Zimbabwe’s Silo Foods Industries bids higher for grains to boost stocks

ZIMBABWE – Silo Foods Industries, a state owned agro processing company, says it will now be buying maize and small grain from farmers at RTGS$2 100 per tonne, higher than RTGS$1 400 gazetted by the government.

Last month, the government announced a new producer price of maize at RTGS$1 400 per tonne, which was increased from a previous margin of RTGS$726 a tonne, reports The Chronicle.

In a statement, Silo Foods Industries said it would be buying the grain from the Grain Marketing Board (GMB) depots across the country and will also open collection points where farmers can deliver their commodities to avert transport costs.

The agro-processing firm encouraged farmers to continue delivering maize and small grains so that the nation meets its food security target.

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The company started operating as a fully-fledged commercial business unit in April this year opening 84 shops across Zimbabwe, after it was unbundles from GMB into stand-alone business unit.

Silo Foods Industries’ outlets sell basic commodities such as mealie-meal, beans, rice, coffee, wheat flour, salt and samp as well as stock feeds.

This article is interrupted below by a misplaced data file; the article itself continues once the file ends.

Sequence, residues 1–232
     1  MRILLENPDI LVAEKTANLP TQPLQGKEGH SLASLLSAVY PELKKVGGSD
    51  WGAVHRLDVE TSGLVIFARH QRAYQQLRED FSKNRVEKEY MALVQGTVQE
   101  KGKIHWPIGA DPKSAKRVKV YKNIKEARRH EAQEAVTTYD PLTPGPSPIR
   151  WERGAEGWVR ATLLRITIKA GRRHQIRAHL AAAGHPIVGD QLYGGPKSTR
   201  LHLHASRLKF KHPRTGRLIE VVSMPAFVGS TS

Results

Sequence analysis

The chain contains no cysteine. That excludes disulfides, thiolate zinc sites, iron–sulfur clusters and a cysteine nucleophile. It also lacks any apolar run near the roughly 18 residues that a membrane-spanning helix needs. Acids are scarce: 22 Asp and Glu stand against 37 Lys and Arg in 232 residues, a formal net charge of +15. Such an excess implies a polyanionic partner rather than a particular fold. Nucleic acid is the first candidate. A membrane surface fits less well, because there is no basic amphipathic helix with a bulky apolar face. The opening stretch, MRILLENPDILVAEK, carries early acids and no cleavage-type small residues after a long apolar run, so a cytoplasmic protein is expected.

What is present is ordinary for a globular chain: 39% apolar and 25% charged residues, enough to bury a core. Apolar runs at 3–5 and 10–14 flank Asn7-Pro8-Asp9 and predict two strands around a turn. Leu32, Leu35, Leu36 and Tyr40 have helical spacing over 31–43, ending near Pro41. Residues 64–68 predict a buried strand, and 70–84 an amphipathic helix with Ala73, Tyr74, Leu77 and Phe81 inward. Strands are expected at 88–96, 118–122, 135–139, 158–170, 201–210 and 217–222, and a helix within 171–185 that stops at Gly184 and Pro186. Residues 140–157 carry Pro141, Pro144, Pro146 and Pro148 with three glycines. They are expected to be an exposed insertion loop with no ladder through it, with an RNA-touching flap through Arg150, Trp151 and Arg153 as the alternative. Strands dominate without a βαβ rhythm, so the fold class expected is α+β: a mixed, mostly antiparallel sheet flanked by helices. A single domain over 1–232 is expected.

The Government has injected US$70 million into the business for it to ramp up production with an additional US$95 million to be invested over a three-year period to make the project both viable and sustainable.

In April this year, SFI had announced that it was seeking strategic partners to inject US$55 million and US$40 million to boost its operations.

According to the company’s managing director, Daniel Maregedze, the capital injection will enable the agro-processor to expand its production capacity as well as modernise its operations.

The cabinet also approved the process of appointing the Silo Food Industries Board to give necessary strategic guidance and oversight to the entity.

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After its demerger from GMB, Silo Foods inherited core manufacturing assets including Belmont Depot, Cleveland Depot, Mutare deport and Norton Stock Feeds processing plant as well as working capital support in the form of raw materials form the government.

The unbundling of GMB falls under Government’s plans to restructure State-owned enterprises, within which 41 entities are lined-up for privatisation, departmentalisation or listing on the Zimbabwe Stock Exchange.

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